Notice how the U.S. of A was one of the few countries which only got rid of legalized slavery through a bloody civil war?

    Please don't tell me you blame the *North* for that.

    [braces for the Confederate fluffers to enter en masse and form a slapping gauntlet]

  • Mad Max||

    'Please don't tell me you blame the *North* for that.'

    You'll be relieved to know I don't.

  • Mad Max||

    I don't blame the North exclusively, because there was too much blame to go around.

  • MNG||

    "Yeah, remember how, before *Roe v. Wade,* the cops were always going through everyone's medicine cabinet?"

    What is this, you want the law passed but hope it won't be enforced all that strongly (wink, wink).

    This is like the conservatives who said "of course we don't want to be harrassing homosexuals, but we don't want the law approving of sodomy either!"

  • MNG||

    "No government entity may distribute property or monies based on 'marriage' status."

    What the fuck? So all the laws of intestacy, out the fucking window with you!

    If someone dies without a current will we just do some kind of lotto thing to divide up his stuff. I knew Montag was dumb, but sheesh.

  • MNG||

    The North did some truly heinous things in waging the war. Lincoln basically took a dump on the Copperheads civil liberties and bent habeas corpus over and had his way with it. And remember the prison camp in The Good, The Bad and The Ugly?

    But it still doesn't justify what the South was up to (I'm not saying anyone is taking that view btw).

  • Elemenope||

    You'll be relieved to know I don't.

    I don't blame the North exclusively, because there was too much blame to go around.


    Good. I agree there that there was much incitement on both sides. However, the South

    1. Decided to secede with the specific goal of avoiding the consequences of a legal election

    and

    2. Started hostilities by attempting to possess Federal property (Fort Sumter, and ammo and sundries inside said fort) by force.

    So by two overt acts, they *started* it. Lincoln was a crafty monkey that way.

  • MNG||

    LMNOP

    I don't care who started it in some sense. The South was based on a hideous institution. They did not "deserve" what they got but I for one shed no tears that they got it handed to them.

    And not just the slavery stuff. The whole aristocratic feudalism thing they had going on (the one time very influential conservative Richard Weaver worshiped this stuff, take a read) is better relegated to the dustbin of history.

  • Mad Max||

    'But it still doesn't justify what the South was up to (I'm not saying anyone is taking that view btw).'

    It's so good to know you're not trying any straw-man arguments!

    'What is this, you want the law passed but hope it won't be enforced all that strongly (wink, wink).'

    Are you some kind of Bill O'Reilly supporter? Support for the Fourth Amendment equates, to you, to not being serious about enforcing the law?

    Unless I support warrantless searches of all hospital records after an armed robbery, to find who got admitted to a hospital with bullet wounds, then I'm in favor of a nudge-and-wink approach to enforcing the robbery laws?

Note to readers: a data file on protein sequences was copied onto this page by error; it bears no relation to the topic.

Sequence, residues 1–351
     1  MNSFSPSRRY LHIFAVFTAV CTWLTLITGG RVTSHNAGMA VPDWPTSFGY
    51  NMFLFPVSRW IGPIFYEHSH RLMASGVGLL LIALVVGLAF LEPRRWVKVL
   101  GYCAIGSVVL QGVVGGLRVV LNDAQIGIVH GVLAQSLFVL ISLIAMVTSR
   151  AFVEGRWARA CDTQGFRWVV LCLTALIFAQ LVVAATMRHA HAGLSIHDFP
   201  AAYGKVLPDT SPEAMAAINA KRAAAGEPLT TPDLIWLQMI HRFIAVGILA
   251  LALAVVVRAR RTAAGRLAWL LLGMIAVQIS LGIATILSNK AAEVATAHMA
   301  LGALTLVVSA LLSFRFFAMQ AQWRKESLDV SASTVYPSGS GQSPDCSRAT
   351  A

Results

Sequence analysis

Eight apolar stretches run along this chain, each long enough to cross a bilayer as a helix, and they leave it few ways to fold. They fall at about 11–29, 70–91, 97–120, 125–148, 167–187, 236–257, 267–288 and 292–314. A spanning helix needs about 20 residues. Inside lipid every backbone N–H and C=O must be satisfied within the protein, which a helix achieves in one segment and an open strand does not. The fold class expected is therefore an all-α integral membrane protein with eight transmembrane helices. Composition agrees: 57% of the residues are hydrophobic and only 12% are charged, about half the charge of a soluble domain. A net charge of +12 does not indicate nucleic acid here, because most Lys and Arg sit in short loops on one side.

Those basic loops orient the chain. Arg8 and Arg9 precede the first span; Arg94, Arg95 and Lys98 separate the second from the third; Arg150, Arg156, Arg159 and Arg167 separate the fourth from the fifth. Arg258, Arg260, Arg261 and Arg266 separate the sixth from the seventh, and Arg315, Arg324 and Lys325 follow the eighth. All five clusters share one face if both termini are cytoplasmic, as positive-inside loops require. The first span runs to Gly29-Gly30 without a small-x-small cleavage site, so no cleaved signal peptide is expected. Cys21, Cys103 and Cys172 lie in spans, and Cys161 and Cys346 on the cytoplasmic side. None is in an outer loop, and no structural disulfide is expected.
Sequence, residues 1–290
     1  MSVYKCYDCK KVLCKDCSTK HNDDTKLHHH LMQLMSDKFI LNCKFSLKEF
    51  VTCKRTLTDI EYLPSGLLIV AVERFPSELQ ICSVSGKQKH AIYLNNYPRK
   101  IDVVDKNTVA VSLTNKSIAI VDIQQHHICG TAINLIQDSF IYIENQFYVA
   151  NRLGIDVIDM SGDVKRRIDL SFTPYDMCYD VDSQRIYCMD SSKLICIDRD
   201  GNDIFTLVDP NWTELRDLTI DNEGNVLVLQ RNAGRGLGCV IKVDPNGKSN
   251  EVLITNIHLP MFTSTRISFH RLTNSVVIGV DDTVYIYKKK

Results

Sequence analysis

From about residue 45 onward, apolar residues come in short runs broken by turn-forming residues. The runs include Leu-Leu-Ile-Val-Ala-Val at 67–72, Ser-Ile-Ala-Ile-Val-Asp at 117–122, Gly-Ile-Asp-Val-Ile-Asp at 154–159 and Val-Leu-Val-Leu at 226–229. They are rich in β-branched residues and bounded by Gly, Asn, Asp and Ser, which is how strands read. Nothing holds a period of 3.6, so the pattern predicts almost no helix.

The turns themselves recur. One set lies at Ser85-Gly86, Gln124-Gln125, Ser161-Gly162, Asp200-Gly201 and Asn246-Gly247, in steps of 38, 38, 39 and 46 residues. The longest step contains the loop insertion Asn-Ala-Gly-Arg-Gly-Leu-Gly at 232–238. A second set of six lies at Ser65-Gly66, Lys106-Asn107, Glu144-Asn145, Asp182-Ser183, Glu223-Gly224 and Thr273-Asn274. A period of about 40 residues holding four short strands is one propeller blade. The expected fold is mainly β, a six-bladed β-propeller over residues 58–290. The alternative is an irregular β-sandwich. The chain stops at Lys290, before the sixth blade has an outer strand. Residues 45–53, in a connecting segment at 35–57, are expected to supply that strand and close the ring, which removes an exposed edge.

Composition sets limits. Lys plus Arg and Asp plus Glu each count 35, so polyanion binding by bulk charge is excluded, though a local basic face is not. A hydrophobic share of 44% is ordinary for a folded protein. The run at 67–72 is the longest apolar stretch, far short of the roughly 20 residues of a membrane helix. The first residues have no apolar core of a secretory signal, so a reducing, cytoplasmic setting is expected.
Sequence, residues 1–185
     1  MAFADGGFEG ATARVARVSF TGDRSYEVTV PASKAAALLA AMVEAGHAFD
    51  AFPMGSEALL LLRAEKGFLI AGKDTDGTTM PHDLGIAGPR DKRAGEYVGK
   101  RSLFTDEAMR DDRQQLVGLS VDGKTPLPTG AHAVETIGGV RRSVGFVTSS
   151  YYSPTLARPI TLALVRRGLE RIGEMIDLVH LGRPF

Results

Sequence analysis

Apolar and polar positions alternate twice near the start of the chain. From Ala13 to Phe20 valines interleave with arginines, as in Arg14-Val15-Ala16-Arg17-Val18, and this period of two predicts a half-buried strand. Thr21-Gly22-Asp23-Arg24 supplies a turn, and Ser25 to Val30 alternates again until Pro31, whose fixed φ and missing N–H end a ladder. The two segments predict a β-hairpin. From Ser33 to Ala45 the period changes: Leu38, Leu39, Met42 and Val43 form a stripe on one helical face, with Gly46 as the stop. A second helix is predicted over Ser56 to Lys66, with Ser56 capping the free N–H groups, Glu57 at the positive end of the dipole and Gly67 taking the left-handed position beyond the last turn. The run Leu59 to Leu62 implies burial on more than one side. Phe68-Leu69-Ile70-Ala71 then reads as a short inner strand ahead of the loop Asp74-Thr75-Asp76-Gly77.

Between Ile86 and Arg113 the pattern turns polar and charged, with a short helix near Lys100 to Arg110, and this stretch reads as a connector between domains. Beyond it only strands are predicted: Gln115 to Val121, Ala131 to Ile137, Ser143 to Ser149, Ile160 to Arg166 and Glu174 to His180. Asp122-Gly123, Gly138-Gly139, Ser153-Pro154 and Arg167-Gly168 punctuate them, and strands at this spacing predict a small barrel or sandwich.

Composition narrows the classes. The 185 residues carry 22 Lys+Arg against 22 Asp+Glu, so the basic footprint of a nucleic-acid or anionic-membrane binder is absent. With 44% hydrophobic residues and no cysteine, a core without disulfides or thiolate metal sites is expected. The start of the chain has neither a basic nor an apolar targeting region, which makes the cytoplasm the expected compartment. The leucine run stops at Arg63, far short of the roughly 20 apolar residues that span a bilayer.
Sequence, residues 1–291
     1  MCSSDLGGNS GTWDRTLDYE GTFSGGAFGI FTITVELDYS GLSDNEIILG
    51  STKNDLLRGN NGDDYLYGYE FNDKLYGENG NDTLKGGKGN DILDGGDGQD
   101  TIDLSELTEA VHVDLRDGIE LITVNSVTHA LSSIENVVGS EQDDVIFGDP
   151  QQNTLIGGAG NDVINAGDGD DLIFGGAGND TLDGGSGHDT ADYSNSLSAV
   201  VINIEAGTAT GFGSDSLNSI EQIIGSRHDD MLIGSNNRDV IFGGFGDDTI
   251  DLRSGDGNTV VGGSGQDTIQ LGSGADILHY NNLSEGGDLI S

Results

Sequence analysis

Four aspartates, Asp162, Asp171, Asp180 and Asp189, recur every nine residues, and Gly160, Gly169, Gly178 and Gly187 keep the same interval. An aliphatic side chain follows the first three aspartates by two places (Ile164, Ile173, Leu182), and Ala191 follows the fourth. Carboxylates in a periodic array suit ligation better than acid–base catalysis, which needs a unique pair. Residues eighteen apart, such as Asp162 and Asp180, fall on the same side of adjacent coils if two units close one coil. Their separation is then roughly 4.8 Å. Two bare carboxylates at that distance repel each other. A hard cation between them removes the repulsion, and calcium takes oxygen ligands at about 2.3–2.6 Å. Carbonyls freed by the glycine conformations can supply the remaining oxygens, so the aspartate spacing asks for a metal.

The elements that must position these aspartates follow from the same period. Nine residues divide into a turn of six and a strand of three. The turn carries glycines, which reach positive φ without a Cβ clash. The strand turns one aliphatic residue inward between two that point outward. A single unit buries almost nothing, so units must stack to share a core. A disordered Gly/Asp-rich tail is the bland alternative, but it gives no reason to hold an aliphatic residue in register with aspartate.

If I don't support warrantless break-ins at the houses of all murder suspects, I must be in favor of a turn-a-blind-eye approach to the enforcement of the laws against murders?

    Sorry if I can't fully acquit you of the use of straw-man tactics.

  • ||

    What was thread about? Oh, right, Obama and dinner.

    I think there's a rather a large difference between the reactions of people like George Will and Larry Kudlow to Obama and the column Fred Barnes wrote about Palin.

    All of the people talking up Palin during that election-season article were Republicans, while she was on the Republican ticket.

  • MNG||

    No, no Max. I'm talking about saying that overturning Roe v. Wade won't lead to stuff like the AG in Kansas was doing (trying to get to medical records of female patients to find evidence of abortions) and the like. And to the strange position I've seen some conservatives take on sodomy laws that I mentioned above. They also take this about Griswold (well of course it wasn't even being enforced! But it shouldn't have been overturned...).

    I give you a great deal of credit on this as you had the courage and principle to admit that you would be for the prosecution of the women seeking abortion as well as the abortionist.

  • MNG||

    George Will=principled conservative
    Fred Barnes=well, ya know

  • Russ 2000||

    I can't wait for the day when baseball statheads begin to lend more credence to the intellectual honesty of someone like Craig Wright over the narcissism of Bill James. I admire James' passion for baseball analysis, but in retrospect too much of his work is half-assed; he's lucky to have started at a time when being half-assed was a vast improvement, but that time has long passed.

  • ||

    Ever since the Democratic Party's primaries it has seemed to me that Obama is a master politician. That is to say: a master liar, manipulator, and conniver.

  • Paul||

    the true political genius of Barack Obama is the way that he makes YOU feel like you're the most important, the most intelligent, and doggone it the most independent-minded person in the conversation.



    Wasn't that supposedly one of Clinton's superpowers?

  • ||

    shrike,

    I remember you - you're the guy who opposes "Christ Faggotry." Well, good on ya!

    The same. The deliriously forlorn get no respect from me.

    It disarms the wingnuts pretty quickly. Once you signal that you don't cotton to their superstition you can focus on "real shit".

  • ||

    MNG,

    Did you see this from Fred Barnes? Ten things George Bush got right.

    http://www.weeklystandard.com/Content/Public/Articles/000/000/015/986rockt.asp

    1. Global Warming Denial
    2. "Enhanced Interrogation of Terrorists"
    3. "Rebuilding Presidential Authority"
    4. "Bush's unswerving support for Israel"
    5. NCLB